If a genie jumped out of my coffee right now and offered to grant me a wish, here’s what I’d want (world peace is overrated):
I want a way to put a sunset date onto technical web data,Â so that I can find relevant technical information instead of the one “Introduction to Tomcat” that 5 gzillion people downloaded 6 years ago, and that eventually reveals itself to be 3 versions out of date, but still shows up at the top of the hit list.
I would love to have a way to know that when presented with two webpages, each describing two COMPLETELY different ways to do something without mentioning a date or a version or a platform, I can pick the one that isn’t going to waste 6 hours of my time.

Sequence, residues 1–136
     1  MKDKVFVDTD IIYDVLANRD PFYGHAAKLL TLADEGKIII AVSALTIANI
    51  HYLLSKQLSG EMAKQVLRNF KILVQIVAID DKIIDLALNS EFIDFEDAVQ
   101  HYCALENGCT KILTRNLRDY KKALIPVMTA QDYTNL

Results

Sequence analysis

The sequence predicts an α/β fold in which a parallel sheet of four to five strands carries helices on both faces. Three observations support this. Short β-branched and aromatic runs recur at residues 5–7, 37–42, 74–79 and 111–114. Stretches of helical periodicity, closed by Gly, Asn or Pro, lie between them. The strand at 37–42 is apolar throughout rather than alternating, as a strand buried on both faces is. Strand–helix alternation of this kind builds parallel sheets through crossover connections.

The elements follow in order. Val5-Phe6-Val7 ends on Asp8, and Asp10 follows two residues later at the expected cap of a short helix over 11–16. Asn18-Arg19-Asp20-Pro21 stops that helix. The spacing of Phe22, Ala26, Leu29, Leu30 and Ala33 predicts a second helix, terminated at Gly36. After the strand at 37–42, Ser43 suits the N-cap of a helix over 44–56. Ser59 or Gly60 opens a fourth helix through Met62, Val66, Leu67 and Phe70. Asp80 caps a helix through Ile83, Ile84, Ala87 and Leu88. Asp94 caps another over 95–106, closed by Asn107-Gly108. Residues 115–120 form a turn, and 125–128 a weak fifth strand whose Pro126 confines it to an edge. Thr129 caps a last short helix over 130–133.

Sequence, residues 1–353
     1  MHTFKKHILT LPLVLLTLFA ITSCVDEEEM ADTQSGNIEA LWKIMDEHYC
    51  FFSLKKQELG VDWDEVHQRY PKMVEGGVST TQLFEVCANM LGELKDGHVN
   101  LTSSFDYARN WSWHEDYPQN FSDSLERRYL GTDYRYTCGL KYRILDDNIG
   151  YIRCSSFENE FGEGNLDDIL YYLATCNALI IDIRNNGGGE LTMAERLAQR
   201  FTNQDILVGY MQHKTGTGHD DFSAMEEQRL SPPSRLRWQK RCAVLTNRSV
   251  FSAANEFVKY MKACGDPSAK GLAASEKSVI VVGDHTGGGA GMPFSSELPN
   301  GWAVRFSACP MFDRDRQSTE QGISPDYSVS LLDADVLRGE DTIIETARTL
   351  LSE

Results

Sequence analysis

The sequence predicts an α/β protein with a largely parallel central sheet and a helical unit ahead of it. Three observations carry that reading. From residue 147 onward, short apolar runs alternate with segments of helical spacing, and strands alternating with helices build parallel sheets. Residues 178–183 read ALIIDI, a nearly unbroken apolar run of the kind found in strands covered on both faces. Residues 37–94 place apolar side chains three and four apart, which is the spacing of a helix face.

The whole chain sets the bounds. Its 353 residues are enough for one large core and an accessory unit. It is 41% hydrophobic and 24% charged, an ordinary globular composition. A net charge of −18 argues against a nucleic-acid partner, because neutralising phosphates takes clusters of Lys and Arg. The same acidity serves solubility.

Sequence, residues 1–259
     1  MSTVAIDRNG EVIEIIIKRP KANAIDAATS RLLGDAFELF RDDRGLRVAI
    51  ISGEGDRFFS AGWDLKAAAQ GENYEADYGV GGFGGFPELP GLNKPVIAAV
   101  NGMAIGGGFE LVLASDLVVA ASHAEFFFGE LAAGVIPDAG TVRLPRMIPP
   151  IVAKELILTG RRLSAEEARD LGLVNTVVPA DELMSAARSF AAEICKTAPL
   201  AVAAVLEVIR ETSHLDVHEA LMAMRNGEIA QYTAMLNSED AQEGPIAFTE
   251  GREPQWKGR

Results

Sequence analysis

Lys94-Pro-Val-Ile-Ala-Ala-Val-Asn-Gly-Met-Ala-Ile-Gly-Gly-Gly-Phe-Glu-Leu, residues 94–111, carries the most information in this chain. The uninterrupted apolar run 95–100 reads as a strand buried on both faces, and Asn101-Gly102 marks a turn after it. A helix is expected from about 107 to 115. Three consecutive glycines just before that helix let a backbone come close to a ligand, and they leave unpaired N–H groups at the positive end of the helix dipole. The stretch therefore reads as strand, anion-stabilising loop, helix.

Scope.Â Context.Â That is what I wish for.Â Â A consistent way to determine scope and context.
This is my own reminder to myself, to write documentation that includes scope and context, right up front.Â Whatever I can go back and add scope to, I will.Â I will imagine that it is 10 years from now, and .NET Framework 27.2 has just been released,Â and I want to put that on my machine along with Higgins Framework 10.7b. Â Â Either my documents should be still-relevant, or instantly dismissable.Â If I can accomplish that, and keep it up, I’ll be happy.
The worst documentation is the vendor-branded stuff, of course.Â No author.Â No date.Â No version.Â Â Erg.